Bill: HR 305 and S 26 – Presidential Tax Transparency Act
Sponsors: Rep. Anna Eshoo (D – CA); Sen. Ron Wyden (D – OR)
Cosponsors: 87 House; 20 Senate
Federal – House and Senate
Where is it now? House: Ways and Means; Oversight and Government Reform; Senate: Rules and Administration
Summary: This bill amends the Ethics in Government Act of 1978 to require the President and certain candidates for President to disclose federal income tax returns for the three most recent taxable years in reports filed with either the Office of Government Ethics (OGE) or the Federal Election Commission (FEC), in the case of a candidate.
The OGE or the FEC must make the disclosed tax returns publicly available after making appropriate redactions. If the income tax returns are not disclosed as required by this bill, the OGE or the FEC must request the returns from the Internal Revenue Service (IRS).
The bill amends the Internal Revenue Code to require the IRS, upon receiving a written request from the FEC or the OGE, to provide any income tax return that is required to be disclosed under this bill.
The bill also establishes civil and criminal penalties for failing to file or falsifying income tax returns that are required to be disclosed pursuant to this bill.
Stakeholders: All Americans
Why do we care? Breaking with 40 years of presidential tradition, President Trump refuses to release his federal tax returns, giving the bogus excuse that his returns are being audited by the IRS and can’t be released, a claimed dismissed by most tax experts. At the same time, three-quarters of Americans believe that Trump should release his tax returns.
Release of Trump’s taxes would show the American people the extent of his global financial entanglements with foreign countries, particularly Russia. In fact, Trump has had extensive business dealings with Russia for 30 years, and Russian oligarchs have invested nearly $100 million in Trump properties.
Trump made a big show in January about how he will no longer be involved in the running of his businesses, delegating that job to his children. Yet, Trump will continue to profit from his businesses while in office. The Office of Government Ethics in his own White House dismissed Trump’s plan to limit his conflicts of interest as “meaningless.”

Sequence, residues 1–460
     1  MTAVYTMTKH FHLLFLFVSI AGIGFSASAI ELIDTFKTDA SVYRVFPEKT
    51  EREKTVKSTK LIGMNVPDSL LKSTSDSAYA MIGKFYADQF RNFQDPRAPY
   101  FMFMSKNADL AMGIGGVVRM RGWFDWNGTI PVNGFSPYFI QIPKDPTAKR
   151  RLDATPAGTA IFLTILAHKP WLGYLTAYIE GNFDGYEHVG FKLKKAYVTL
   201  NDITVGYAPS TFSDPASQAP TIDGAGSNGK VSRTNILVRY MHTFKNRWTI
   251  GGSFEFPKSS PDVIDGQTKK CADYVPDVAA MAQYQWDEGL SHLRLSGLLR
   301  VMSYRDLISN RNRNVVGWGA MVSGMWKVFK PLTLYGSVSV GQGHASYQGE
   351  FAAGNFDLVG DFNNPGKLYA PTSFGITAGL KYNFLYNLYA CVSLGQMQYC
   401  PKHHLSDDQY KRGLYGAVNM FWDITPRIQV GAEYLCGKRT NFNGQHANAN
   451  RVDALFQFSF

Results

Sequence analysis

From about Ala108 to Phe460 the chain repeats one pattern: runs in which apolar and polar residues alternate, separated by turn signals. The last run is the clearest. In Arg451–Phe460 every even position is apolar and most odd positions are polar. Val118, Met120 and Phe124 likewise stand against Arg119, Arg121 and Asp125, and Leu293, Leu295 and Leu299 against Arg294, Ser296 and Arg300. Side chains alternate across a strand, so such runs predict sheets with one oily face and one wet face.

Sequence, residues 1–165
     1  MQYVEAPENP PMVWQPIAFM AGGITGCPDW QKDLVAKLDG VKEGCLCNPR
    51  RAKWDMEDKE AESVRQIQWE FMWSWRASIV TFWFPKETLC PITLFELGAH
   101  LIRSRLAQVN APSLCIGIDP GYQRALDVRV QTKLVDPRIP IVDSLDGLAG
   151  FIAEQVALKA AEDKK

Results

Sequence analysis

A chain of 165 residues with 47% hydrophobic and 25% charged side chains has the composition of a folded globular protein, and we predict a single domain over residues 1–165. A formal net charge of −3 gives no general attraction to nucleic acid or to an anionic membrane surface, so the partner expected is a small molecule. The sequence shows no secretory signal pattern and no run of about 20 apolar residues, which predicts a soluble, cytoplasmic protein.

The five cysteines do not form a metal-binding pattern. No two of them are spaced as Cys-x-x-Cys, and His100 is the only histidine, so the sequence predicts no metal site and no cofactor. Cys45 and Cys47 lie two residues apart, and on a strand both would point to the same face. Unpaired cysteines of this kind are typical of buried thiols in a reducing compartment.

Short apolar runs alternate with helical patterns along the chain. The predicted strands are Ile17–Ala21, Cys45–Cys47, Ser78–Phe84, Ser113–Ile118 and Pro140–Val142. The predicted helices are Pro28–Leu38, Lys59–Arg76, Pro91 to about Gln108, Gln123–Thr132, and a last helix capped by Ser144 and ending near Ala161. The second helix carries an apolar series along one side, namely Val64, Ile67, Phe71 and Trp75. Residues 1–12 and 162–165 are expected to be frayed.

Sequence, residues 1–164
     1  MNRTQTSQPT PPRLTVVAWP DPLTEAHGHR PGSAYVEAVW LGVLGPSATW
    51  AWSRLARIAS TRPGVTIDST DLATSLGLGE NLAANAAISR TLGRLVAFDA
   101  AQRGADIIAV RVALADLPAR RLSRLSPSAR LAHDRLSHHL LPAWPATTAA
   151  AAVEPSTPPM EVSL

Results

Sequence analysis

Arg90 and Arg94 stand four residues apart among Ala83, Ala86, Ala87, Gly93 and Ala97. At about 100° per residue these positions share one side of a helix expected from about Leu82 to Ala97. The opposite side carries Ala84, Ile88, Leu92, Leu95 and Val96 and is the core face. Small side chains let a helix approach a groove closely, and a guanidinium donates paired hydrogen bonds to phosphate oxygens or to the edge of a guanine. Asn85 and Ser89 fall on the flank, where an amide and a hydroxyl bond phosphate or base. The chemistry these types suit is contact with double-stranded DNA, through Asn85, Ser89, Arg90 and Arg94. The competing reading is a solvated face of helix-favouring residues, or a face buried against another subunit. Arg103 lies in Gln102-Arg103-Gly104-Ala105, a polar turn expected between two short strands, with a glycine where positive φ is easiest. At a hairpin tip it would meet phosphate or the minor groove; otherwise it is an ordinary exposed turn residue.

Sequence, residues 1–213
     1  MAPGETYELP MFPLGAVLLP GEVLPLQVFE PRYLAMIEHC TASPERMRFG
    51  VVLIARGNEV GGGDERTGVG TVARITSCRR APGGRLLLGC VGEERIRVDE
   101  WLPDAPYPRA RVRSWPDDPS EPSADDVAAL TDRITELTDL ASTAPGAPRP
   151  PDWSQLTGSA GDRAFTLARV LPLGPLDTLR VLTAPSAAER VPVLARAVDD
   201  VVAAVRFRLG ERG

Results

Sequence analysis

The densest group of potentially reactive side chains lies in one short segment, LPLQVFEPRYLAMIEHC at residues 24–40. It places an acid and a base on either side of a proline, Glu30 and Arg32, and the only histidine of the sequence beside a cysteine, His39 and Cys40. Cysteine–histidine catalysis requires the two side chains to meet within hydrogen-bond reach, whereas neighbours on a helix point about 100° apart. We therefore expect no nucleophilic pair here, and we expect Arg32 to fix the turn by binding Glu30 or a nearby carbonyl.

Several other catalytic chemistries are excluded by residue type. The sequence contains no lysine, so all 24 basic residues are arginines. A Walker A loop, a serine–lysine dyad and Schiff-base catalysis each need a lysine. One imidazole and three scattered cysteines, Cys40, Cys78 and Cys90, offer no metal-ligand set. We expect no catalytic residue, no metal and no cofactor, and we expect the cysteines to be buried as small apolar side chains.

The president’s taxes are an issue of national security. We need to know the extent of his financial interests in foreign countries, who he is in debt to, and if his wealth is actually the self-reported $10 billion.
Trump’s tax returns could expose the extent of his global business entanglements, including potential conflicts of interest that violate the Constitution’s emoluments clause. In particular, Trump’s returns could tell us quite a bit about his ties to Russian entities and banks. Although Trump has claimed he has no business or loans in Russia, his son said in 2008 that “we see a lot of money pouring in from Russia.” (LA Times, 3/7/2017)
Finally, the returns might reveal that Trump, who has long claimed to be a generous philanthropist, gives little or no money to charity.
According to Nancy Pelosi: “It is not a right to privacy that the president has. There’s a question of Russian connections –politically, financially, and personally.” It is not the law for the president to release tax returns but it is a long term tradition. President T is the first non-compliant president since Gerald Ford who released only a summary of his taxes. (cbsnew.com 4/5/2017)
In January 2017, Kellyanne Conway said that Mr. Trump is “not going to release his tax returns” and that “Most Americans are very focused on what their tax returns will look like while Trump is in office, not what his look like.”
A poll conducted by the Washington Post and ABC News in January found that 74% of Americans believe that Trump should release his income tax records. (cbsnews.com 4/5/2017)
How does it meet our stated objective? In order to resist the Trump agenda, we must reject 45’s excuse that his taxes are “under audit” and demand financial transparency through the release of his tax returns from at least the last 3 years.
The bill contains a “Special Rule for Sitting Presidents” – “Not later than 30 days after the date of enactment of this section, the President shall submit to the Director of the Office of Government Ethics a copy of income tax returns described in paragraph 1-A” 1-A = “…3 most recent years for which a return has been filed with IRS…”
- Attend Tax Rally on April 15 in Washington D.C. or Cambridge. More information: taxmarch.org
- Call our MOCs to thank them for cosponsoring the bill: Elizabeth Warren, Edward Markey, and William Keating.
- Call or text the following members of Congress and demand that they act: House Ways and Means Committee Chair Kevin Brady, 202-225-4901; House Oversight & Government Reform Committee Chair Jason Chaffetz, 202-225-5074; Senate Rules and Administration Committee Chair Richard Shelby, 202-224-5744.
State Pressure (politico.com 3/30/2017)
“In at least 24 states, legislators have introduced bills that would force Trump (and all other presidential candidates) to disclose their tax returns in order to qualify for their states’ ballots in 2020.”
“There’s one big obstacle: Requiring presidential candidates to release their taxes as a condition of ballot access may not be constitutional. And even if it is, the Democrats sponsoring such legislation run the risk of major retaliatory measures being taken in Republican state.”
MA Bill S365: “An Act Restoring Financial Transparency in Presidential Elections”
Presented by Michael Barrett (Third Middlesex) and referred to Joint Committee on Election Laws – 1/23/2017
Concurred by the House 1/23/2017
Local Petitioner: Julian Cyr – 617-722-1570 (senate office)